Published on August 13th, 2014 | by Special Guest1
Interim Daily Rate: Taking A Positive Approach
At our most recent interim training event many of the delegates shared their experience of winning assignments and business. One of whom, Robin Bryson, spoke about how discussions around interim daily rates with prospective clients risk not giving either a true picture of the value an interim brings to a business, or their actual remuneration. We asked Robin to expand on this subject and how you can turn a negative discussion about interim daily rates to a positive one about a one-off investment.
What’s Your Interim Daily Rate?
My niche is Private Equity backed businesses going through some kind of change, usually stemming from under performance against investor expectations. I typically go in as CFO, but my brief is wide: figure out what’s happening, tell us what the options are, how we’re going to get there and how much it’s going to cost.
Accordingly I treat my initial meetings with PE Investors and the Chairman and/or CEO as discovery exercises since, in my experience, each of the stakeholders will have a (sometimes very) different view as to what condition the company is in. The investors will have their view, CEO and management will have theirs and the operational and finance teams may have yet others. The truth will be like a Venn diagram where none of them have quite got the whole truth.
My task - using the tools and techniques I’ve developed over many such assignments - is to flush out exactly where they are, work out how to permanently rectify anything that’s broken, then move things forward and determine what the future looks like with everyone fully aligned and with complete clarity.
Daily Rate Vs One Off Investment
Given these circumstances when I first meet the decision maker (who is usually the CEO, but occasionally the Chairman) both they - and perhaps all of their management team - are on the back foot with their investors. This means that, in my experience, there is an opportunity to tilt the fee discussion away from a day rate, which any switched on CEO will straightway add to his monthly running costs and view as a negative, towards a much more positive mind-set that this is a one-time cost to get the business running better and, almost as importantly, to repair investor confidence .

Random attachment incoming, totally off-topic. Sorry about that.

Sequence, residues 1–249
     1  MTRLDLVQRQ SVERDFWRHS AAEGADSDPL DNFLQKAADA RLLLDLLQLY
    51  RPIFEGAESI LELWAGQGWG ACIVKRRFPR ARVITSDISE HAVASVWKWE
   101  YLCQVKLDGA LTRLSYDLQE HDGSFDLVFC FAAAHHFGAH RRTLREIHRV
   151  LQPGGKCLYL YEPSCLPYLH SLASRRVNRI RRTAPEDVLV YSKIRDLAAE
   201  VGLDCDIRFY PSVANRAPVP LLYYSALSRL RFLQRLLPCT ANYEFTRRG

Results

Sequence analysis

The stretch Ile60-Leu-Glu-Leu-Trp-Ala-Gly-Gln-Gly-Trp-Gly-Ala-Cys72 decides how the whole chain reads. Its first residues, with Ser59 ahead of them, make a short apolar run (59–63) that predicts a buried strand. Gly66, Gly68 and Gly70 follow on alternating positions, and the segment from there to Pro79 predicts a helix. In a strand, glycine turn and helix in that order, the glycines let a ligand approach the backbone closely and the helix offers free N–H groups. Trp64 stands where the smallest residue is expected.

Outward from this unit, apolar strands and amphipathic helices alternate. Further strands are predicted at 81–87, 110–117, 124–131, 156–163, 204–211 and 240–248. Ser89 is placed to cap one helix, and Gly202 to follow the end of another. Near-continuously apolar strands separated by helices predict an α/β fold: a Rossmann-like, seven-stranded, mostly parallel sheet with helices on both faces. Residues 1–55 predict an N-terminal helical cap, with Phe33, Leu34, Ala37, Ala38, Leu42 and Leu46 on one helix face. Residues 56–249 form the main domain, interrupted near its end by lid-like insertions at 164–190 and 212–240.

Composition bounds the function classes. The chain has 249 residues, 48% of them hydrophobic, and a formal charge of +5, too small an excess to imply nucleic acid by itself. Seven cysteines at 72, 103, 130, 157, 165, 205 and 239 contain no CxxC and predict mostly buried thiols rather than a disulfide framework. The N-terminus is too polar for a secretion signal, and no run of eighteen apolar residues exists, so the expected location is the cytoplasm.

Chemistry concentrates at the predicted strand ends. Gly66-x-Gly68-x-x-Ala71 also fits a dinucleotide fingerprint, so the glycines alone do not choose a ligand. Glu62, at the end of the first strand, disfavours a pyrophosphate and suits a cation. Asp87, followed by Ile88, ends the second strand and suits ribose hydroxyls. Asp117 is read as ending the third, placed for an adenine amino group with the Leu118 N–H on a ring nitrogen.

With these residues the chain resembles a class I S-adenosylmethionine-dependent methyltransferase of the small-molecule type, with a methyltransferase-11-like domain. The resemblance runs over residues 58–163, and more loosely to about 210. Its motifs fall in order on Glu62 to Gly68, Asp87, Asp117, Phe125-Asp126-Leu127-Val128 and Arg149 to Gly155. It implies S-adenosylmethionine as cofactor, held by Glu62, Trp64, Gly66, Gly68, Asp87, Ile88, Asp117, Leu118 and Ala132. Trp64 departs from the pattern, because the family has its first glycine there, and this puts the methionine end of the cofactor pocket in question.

The way this works in practice is this:
Client (as nicely as they can manage to say it): “So, what’s your compensation?”
Me: “£X per day.”
Client: A furrowed brow, and a pause…
Me: “Stop doing what you’re doing.”
Client: “What am I doing?!”
Me: “You’re taking that rate, multiplying by 260, and rapidly forming the conclusion I’ll be the most expensive body in the C-suite.”
Client: Usually laughs at this point – caught red handed!
Me: “A few things to consider:
- I’m not going to be with you for 260 days.
- The rate doesn’t include any of your usual C-suite costs like holiday pay/ sick pay/ pension/ car allowance/ recruitment & severance costs/ LTIP etc. etc..
- Based on my experience, and what I know so far, my estimate is that this is going to take between X & Y days of my time for a cost of between £X and £Y.
- The scale of this business (using the valuation at the time of the deal, or the scale of the inward investment from the Investor, or a known refinancing quantum) is £X. Against that the cost to rectify is significantly less than x%.”
Client: Silence. More silence.
Me: With nothing to add, silence in response.
Client: (after a minute or two): “Good point – start tomorrow?”
What has been your experience of negotiating remuneration? How do you ensure that potential clients understand the value an interim will bring to their business, and long term benefits (including savings) such an appointment will bring? Please share your thoughts and experience using the comments box below.
About Robin Bryson
Robin is a CFO specialising in getting private equity backed businesses up and running and staying on track. With a relentless focus on cash and a rigorous approach to business planning, Robin has a notable track record of achieving successful outcomes with a number of re-financings and exits.